On appeal from District Court of the Essex County Judicial District.
McGeehan, Donges and Colie. The opinion of the court was delivered by Donges, J.A.D.
Appellant, a landlord, instituted proceedings in the District Court of the Essex County Judicial District, for the removal of a tenant from premises #99 Little Street, in the Town of Belleville. On February 24, 1948, judgment for possession was entered. On the latter date an order, consented to by appellant, was made staying the issuance of a warrant of eviction until May 1, 1948. On May 3rd, 1948, the court ordered a further stay until July 1st, 1948; on July 20th, 1948, a further stay was ordered until September 1st, 1948; and on August 27th, 1948, issuance of a warrant was again stayed until December 1st, 1948. It is the last order for stay, only, which is the subject of this appeal. Appellant submits that on August 27th, 1948, there was no authority for the order then made. Notice of Appeal was served on respondent on September 22nd, 1948.
By its terms, the order complained of expired on December 1st, last. There is, therefore, at this time, no effective, pending, litigation before us. The question of the propriety of the action of the court is now purely academic. In such circumstances an appellate tribunal will not take cognizance of the matter. In re Braunstein (Prerog. 1930) 105 N.J. Eq. 682.
Another aspect of the case is this: R.S. 2:58-23.1 (enacted as Section 1, Chapter 325 of the Laws of 1946) directed that "the judge of the court having jurisdiction shall use sound discretion in the issuance of a warrant of removal, and if it shall appear that by the issuance of the warrant the tenant will suffer hardship because of the unavailability of other dwelling accommodations the judge may stay the issuance of the warrant and cause the same to issue at such time as he shall deem proper under the circumstances". That statute became inoperative on July 1st, 1948. However, on September 1st, 1948, the Legislature reenacted (Chapter 344, Laws of 1948) the provisions of the expired statute. The reenactment is now R.S. 2:58-23.5.
When this appeal was argued (and also when the Notice of Appeal was served) there was ample authority for making the order under review. We think the question presented herein is disposed of by the decision in Westinghouse Electric Corp. v. United Electrical, Radio, and Machine Workers &c. (E. & A. 1946) 139 N.J. Eq. 97. There, pending the hearing of an appeal from an order granting a preliminary injunction, a statute held to be unconstitutional by the trial judge was amended by the Legislature so as to cure the infirmity pointed out in that case. Said Mr. Justice Perskie, speaking for the Court of Errors and Appeals (at page 105): "The question presented by the statutory change is whether we are obliged to dispose of the question as to the constitutionality of the title to the act according to the law prevailing at the time the Vice Chancellor entered his orders, or whether our determination should be made according to the law prevailing at the time of our disposition of the cause. The greater weight of authority takes the view that the time of the determination of the question by an appellate court governs, and not the law prevailing at the time the question was determined by the court below. Thus when as in the case at bar the question has been rendered moot by reason of the change of law, the right to an injunction will be disposed of according to the new law."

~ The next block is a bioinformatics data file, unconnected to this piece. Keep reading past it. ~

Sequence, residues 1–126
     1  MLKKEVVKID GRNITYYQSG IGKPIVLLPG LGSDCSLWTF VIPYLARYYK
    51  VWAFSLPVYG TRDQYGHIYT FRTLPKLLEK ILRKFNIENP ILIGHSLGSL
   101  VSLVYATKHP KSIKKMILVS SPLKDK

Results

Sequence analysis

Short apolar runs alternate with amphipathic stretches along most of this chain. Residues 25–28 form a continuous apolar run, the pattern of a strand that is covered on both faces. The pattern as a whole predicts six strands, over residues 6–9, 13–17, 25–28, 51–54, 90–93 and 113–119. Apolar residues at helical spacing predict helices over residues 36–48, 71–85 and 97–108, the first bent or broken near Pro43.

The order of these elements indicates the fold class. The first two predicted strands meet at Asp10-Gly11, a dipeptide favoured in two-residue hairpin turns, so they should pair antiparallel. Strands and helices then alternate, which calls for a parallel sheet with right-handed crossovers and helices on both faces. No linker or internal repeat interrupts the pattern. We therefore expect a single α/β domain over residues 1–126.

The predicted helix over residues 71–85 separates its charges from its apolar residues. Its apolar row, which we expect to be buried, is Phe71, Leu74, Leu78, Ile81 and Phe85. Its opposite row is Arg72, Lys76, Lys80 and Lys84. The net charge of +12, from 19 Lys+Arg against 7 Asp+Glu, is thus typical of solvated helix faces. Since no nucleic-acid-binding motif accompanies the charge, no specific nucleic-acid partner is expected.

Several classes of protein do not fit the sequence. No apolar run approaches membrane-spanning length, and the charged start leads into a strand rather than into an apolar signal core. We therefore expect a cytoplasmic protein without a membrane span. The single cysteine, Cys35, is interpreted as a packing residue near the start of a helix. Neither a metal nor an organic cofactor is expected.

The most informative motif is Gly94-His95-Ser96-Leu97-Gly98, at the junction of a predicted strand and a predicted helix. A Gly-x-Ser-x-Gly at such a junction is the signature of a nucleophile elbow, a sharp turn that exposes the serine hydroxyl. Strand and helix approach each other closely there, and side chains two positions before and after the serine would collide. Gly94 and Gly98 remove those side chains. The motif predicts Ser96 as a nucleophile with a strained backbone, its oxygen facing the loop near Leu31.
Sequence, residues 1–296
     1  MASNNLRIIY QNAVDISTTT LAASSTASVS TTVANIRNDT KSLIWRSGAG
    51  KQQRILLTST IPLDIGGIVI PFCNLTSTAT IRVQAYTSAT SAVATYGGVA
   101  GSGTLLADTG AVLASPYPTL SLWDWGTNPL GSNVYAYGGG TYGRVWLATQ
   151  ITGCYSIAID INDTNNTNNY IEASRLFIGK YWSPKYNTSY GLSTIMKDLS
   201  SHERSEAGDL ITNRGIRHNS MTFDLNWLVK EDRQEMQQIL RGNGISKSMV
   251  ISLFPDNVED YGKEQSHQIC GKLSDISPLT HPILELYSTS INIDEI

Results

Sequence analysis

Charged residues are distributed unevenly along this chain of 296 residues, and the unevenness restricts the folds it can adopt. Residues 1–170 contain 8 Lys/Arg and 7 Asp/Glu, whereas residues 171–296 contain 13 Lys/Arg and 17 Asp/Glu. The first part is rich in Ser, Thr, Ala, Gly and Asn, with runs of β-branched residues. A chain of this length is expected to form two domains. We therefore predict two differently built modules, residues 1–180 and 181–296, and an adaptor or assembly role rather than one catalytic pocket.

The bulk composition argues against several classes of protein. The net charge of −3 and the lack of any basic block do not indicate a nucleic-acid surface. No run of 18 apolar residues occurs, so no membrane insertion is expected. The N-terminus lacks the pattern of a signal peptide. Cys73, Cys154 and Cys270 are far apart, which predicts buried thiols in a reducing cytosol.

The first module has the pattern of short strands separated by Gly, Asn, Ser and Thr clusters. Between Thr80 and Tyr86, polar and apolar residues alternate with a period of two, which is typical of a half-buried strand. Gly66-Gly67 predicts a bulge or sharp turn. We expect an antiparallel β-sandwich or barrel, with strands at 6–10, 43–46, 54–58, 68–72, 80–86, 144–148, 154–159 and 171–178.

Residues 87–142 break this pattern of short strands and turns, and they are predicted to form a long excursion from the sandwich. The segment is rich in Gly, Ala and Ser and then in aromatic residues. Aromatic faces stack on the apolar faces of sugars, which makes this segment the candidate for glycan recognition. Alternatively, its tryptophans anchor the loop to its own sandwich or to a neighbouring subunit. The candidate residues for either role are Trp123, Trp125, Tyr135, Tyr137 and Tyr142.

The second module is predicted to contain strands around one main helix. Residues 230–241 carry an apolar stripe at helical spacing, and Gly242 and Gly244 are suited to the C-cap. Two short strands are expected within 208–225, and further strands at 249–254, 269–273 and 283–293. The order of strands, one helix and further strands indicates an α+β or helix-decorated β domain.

We hold that the question presented herein is now moot, not only because the order objected to has, by its terms, ceased to
be an effective, pending stay, but also because of the enactment of statutory authority for the action complained of.